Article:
Review first published 28/01/2012
Matt King is a property lawyer who lives on one of the islands of Hawaii. Due to a piece of good fortune in his family tree, Matt is the trustee of 25,000 acres of land that he is looking to sell on behalf of his family for a major profit.
However, whilst all this is going on, Matt’s wife suffers a major brain injury in a boating accident and he has to take on the responsibility of being the sole parent to his daughters – Scottie, who is having the early blooming of youthful rebellion, and Alexandra, whose life has revolved around arguing with her mother, dating older men, alcohol and drugs.
He also has to face the ghosts of his past as he finds out that his wife may not have been as faithful to him as he thought her to be.
I saw Alexander Payne’s earlier directorial film, the Oscar winning “Sideways”, a few years ago. Whilst I liked the sharp humour in it, it didn’t blow me away.
“The Descendants” raises the bar on that film substantially and it’s worthy of the multiple nominations and awards that it’s been garnering.
George Clooney is given the opportunity to display some serious acting chops in the role of Matt and play a character that is a polar opposite to the ones for which he’s become trademarked with. Matt has no control in his life – he has doubts about his parenting skills due to the fact that his daughters appear to be going off the rails, the majority of his cousins are railroading him to sell his family property, and his wife is on a ventilator… and all that comes before the bombshell when he finds out that his wife is cheating on him.
Clooney manages to convince by underplaying the role and avoiding going down the obvious route of going into hysterics as the plot goes on.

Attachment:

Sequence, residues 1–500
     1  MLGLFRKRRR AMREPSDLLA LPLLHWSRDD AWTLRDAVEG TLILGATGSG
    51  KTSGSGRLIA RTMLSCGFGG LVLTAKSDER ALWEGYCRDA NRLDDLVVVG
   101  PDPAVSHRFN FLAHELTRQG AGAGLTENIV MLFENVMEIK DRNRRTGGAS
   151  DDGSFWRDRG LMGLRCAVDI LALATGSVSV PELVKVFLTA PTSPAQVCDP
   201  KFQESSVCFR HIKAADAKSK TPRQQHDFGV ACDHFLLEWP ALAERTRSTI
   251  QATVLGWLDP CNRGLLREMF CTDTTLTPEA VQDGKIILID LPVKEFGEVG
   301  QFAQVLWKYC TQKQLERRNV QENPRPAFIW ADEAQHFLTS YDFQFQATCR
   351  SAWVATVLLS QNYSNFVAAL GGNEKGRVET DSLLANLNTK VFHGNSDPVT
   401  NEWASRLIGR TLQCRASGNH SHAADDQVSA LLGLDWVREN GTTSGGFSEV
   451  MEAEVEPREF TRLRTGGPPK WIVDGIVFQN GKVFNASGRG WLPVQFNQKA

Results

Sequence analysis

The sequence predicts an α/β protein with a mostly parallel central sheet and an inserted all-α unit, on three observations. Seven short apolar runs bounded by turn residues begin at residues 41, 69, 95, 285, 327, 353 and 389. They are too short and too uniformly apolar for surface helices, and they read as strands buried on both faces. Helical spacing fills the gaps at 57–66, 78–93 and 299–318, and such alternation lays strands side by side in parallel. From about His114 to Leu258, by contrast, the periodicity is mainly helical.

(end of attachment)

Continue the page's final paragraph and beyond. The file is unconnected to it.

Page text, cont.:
His three main co-stars are also perfectly cast – Amara Miller as the younger daughter Scottie portrays a character who is caught between being a child and an alarmingly early onset of teenage rebellion, Shailene Woodley who portrays the older daughter Alexandra whose role starts as being a pain in the family’s collective backside and grows to be her father’s main figure of support in the family’s various crises, and Nick Krause in the role of Alexandra’s stoner boyfriend Sid who is part comic relief and part “wise man” to Matt.
Woodley, in particular, impresses with a mature performance as she has to, in effect, be George Clooney’s main co-star. Hopefully, she will be given the opportunity to work with further well written material such as in this film.
The script, based on Kaui Hart Hemmings’ novel, is well paced and keeps several plotlines flowing without confusing the audience, is funny without being over the top and has the room to be sad without being sugary or morbid. It contains believable characters – not just in Matt’s dysfunctional immediate family, but also the friends who think that Matt’s wife is strong and will pull through (this is echoed quite a bit in the script) or the family “hangers on” who want Matt to make them a quick buck.
If you haven’t had the chance to see this dramedy, I urge you to try to catch it at the cinema or home viewing. It has great acting, a wickedly smart script and direction which is both keeps the plot moving and allows the film room to breathe.